Carvalho said during a news conference that the district has been “deeply impacted” by the recent drug incidents, which he attributed to “an unacceptable level of availability of narcotics and opioids in our community.”
“We have an urgent crisis on our hands,” the superintendent said a separate statement. “Research shows that the availability of naloxone along with overdose education is effective at decreasing overdoses and death–and will save lives. We will do everything in our power to ensure that not another student in our community is a victim to the growing opioid epidemic.”
Naloxone can be administered as an injection or nasal spray and is not harmful if given to somebody who is not experiencing an opioid overdose, the CDC says.
The district currently has enough doses to supply its high schools, a process which will be done over the next two weeks, it said in the release. As more doses are received, they will be distributed to other campuses, the district said.
District police officers will also carry doses of the treatment, Carvalho said.
In an effort to prevent overdoses before they happen, Carvalho said the district’s initiative also includes peer-to-peer awareness raising and education programs for parents.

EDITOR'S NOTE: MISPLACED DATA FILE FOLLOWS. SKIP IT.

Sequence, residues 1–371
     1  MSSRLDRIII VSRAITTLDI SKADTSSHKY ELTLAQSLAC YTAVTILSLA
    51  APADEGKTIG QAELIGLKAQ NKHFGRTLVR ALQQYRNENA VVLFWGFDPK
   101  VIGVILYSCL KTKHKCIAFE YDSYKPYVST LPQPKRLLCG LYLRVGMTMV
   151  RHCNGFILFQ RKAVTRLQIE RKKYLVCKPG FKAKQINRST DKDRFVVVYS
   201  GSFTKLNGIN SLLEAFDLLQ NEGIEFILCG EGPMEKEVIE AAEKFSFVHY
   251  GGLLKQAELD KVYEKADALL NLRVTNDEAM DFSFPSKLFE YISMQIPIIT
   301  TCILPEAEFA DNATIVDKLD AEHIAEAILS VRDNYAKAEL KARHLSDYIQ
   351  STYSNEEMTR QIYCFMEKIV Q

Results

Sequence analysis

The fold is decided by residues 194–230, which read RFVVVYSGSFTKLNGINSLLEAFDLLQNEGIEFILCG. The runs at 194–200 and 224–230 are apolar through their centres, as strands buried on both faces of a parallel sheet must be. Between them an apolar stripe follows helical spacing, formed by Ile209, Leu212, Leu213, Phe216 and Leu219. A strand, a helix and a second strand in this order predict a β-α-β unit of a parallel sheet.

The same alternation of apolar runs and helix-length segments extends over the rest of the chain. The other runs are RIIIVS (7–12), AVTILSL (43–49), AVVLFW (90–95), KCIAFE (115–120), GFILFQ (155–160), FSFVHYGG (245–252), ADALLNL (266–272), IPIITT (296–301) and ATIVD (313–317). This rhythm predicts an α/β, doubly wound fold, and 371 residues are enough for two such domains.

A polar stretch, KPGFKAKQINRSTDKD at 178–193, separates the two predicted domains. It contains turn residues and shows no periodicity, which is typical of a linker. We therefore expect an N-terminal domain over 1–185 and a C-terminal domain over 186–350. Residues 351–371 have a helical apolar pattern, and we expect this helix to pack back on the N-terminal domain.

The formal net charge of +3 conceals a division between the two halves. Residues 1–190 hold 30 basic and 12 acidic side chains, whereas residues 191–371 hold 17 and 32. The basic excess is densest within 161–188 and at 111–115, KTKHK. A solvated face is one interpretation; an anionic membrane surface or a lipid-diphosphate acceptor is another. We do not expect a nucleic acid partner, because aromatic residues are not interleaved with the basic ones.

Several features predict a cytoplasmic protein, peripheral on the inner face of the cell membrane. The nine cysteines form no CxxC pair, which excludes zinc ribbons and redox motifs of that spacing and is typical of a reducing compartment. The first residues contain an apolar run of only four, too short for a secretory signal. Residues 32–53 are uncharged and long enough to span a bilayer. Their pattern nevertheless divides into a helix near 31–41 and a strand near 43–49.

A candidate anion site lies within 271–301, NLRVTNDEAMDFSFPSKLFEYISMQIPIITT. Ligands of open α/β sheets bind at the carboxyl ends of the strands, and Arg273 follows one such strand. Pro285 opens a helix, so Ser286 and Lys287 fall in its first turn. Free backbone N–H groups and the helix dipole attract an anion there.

District staff such as nurses, wellness center providers and trained volunteers are already trained or will be trained to administer the treatment, and the district will work on developing training and education for the school community, it said.
With drug use among teens at a historic low, the soaring overdose deaths are likely not the result of more adolescents using drugs, but of the increasing risks the drugs themselves, one of the study’s authors said.
“This is not coming from more teens using drugs. It’s actually coming from drug use becoming more dangerous,” said study author Joseph Friedman, a researcher studying medicine and medical informatics at the University of California, Los Angeles.
CNN’s Cheri Mossburg contributed to this report.